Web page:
Irrigation contractors and designers are not often given any information on plant and turf water requirements, and create designs and watering schedules that are appropriate only for the turf or plant species on site that they assume uses the most water or are the most susceptible to dying from under watering. As we saw in the previous section, the irrigation on a project is given the smallest portion of the total project budget (time and money) as a result a contractor or designer will try and create and zone an irrigation system to meet the budget rather than the landscapes needs. This practice results, in an irrigation system that will typically water the parking lot, sidewalks, buildings and while the grass stays green, the trees and shrubs on site will usually receive too much or not enough water.

Finally, over the years a misconception of irrigation systems has developed. We just assume that after the irrigation system is installed and the controller is set to “Auto” that we no longer need worry about the irrigation system or the plant material. As most landscape architects are aware of, turf and plant species require more water when they are initially installed and after they are established the plant material will need to use less water. This also applies to different times of the year. After turf and plants are established in a landscape their water requirements will change as the season does. When an irrigation system is scheduled on a new project it is scheduled for new plant material and it can often take a few seasons for someone to get around to changing the irrigation schedule to reflect that the turf and plant material has become established. Very often this never happens and because of this “set it and forget it” attitude most irrigation systems apply the same amount of water all year round. If we write an irrigation schedule based on hot dry summer months we will be over watering during the spring and fall.

Over watering contributes to plant/turf diseases and death, property damage, and with the rising costs of potable water can greatly inflate monthly operating expenses. If we take a birds-eye view of the process of landscape and irrigation design, installation and maintenance we can see that something is wrong. When we cut corners and rush at the design and installation level we will be using far more water than we need over the lifespan of the landscape and will increase maintenance costs for years to come.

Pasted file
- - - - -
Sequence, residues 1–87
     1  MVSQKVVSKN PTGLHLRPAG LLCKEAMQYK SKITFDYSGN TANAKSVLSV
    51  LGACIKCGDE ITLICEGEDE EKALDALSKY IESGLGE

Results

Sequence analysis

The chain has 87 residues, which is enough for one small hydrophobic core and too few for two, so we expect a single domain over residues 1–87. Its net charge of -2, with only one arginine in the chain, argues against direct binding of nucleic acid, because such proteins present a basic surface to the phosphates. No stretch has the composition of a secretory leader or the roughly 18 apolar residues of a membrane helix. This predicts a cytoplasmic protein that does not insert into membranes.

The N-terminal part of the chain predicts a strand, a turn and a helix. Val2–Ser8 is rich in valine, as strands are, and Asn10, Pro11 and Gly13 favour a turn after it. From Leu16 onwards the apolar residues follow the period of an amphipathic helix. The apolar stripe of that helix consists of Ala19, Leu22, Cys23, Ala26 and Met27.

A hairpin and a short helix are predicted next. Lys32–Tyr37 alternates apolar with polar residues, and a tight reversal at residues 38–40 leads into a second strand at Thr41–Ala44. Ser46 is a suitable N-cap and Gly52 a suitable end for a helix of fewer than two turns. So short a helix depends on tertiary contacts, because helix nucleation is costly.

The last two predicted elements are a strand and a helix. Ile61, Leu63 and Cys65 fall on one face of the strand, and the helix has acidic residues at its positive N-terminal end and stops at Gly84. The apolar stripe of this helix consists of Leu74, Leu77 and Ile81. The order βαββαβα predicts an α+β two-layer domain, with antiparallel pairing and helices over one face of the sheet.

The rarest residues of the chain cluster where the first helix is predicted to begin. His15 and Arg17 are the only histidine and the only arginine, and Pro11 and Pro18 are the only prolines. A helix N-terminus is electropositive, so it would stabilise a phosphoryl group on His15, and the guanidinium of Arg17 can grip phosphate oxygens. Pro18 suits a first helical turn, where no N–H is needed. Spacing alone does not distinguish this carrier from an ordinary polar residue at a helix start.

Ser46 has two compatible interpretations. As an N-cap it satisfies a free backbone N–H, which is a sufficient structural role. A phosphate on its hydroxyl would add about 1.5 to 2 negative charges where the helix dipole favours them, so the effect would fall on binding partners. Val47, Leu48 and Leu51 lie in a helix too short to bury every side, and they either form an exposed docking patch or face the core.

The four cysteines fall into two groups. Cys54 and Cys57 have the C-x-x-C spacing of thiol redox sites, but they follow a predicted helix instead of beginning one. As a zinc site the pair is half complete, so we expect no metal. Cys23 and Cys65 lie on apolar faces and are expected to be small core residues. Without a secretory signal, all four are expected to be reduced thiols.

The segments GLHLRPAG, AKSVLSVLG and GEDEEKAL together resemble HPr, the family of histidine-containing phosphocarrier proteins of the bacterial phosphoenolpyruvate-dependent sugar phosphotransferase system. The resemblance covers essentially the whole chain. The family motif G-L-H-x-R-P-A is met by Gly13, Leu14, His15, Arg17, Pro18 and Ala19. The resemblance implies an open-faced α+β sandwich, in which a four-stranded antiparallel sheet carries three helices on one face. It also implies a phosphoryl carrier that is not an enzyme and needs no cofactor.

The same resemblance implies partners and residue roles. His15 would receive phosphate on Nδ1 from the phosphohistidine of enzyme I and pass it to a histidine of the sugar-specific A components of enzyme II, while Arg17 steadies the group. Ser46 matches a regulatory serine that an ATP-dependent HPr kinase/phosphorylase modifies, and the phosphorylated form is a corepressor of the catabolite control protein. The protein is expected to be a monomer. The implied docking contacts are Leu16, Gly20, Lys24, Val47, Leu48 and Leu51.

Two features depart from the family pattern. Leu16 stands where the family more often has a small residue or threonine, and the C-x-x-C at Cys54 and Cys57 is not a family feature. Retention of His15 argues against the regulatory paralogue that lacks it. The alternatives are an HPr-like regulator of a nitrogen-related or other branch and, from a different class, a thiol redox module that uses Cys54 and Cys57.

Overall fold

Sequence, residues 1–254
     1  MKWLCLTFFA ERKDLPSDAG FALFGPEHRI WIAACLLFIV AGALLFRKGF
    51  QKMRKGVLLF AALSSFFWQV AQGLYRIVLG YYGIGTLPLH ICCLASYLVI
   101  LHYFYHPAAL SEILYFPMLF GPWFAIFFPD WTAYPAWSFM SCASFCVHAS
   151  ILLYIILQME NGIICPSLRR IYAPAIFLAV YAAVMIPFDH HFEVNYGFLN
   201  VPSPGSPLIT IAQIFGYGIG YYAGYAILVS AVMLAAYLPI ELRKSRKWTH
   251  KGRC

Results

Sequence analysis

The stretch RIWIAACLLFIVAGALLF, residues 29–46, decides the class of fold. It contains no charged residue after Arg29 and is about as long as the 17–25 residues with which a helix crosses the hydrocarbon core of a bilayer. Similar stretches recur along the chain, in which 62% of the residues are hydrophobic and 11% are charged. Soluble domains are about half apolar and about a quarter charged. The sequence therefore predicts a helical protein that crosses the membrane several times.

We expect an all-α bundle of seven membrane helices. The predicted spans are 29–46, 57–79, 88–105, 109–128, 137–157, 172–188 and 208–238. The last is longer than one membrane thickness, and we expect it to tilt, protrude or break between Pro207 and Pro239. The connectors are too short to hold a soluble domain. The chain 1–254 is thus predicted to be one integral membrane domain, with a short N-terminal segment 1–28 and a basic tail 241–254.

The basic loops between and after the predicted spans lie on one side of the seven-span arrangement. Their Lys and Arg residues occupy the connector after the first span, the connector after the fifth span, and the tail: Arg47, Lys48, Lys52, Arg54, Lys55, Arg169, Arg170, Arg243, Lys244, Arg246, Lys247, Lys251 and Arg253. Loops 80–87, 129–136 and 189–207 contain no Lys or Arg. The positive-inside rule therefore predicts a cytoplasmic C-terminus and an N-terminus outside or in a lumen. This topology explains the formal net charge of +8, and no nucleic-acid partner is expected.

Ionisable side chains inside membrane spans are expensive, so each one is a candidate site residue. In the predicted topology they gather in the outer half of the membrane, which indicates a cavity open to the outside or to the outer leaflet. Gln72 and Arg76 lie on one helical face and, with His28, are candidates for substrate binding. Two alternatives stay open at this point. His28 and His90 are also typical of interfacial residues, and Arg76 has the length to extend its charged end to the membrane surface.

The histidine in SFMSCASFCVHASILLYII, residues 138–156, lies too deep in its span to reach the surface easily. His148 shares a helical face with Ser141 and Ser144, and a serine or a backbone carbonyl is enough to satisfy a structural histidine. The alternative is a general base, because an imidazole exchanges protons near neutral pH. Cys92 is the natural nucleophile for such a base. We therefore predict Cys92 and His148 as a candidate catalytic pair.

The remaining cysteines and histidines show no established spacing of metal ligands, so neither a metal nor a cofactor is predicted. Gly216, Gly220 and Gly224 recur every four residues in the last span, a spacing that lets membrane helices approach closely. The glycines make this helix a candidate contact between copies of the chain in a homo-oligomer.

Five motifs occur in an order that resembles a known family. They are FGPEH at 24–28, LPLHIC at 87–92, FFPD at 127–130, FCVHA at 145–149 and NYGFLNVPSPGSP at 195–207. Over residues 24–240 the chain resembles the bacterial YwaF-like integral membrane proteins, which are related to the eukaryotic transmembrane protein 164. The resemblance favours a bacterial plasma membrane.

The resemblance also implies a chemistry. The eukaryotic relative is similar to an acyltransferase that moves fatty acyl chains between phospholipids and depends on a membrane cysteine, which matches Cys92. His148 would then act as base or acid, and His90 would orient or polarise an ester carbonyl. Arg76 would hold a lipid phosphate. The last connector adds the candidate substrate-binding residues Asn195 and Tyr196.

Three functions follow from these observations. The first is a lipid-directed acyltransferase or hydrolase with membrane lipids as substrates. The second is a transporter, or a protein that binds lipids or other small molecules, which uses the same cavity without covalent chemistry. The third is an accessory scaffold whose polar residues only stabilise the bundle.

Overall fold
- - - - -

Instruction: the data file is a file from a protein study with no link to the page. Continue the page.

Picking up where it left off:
So what is the solution to all of this?

Many of the new breed of irrigation professionals and consultants are working hard to get involved in landscape projects from their very inception. If we take a holistic approach to landscape and irrigation design and consider not just the new installation, but also the future maintenance, we will use less water. We can design quality irrigation systems that better reflect different plant species water requirements. We can manage and monitor irrigation systems remotely and make necessary schedule changes when they are appropriate. We can also look harder at advance irrigation control products that use data gathered from weather station networks and will make automatic adjustments based upon accurate plant species information and weather data.

There is no one single thing that will help us reduce water use in landscapes but there are many tools we can use and practices that we need to change.

In coming articles we will take a closer look at the problems associated with over watering, “conservation based” irrigation design principals and exciting new water saving technologies available to reduce our water footprint in the landscape.

Matthew Sandink is the Conservation Solutions Specialist and is responsible for Marketing at SMART Watering Systems. SMART Watering Systems is a water conservation & rainwater harvesting consulting firm with it’s roots in the landscape irrigation industry.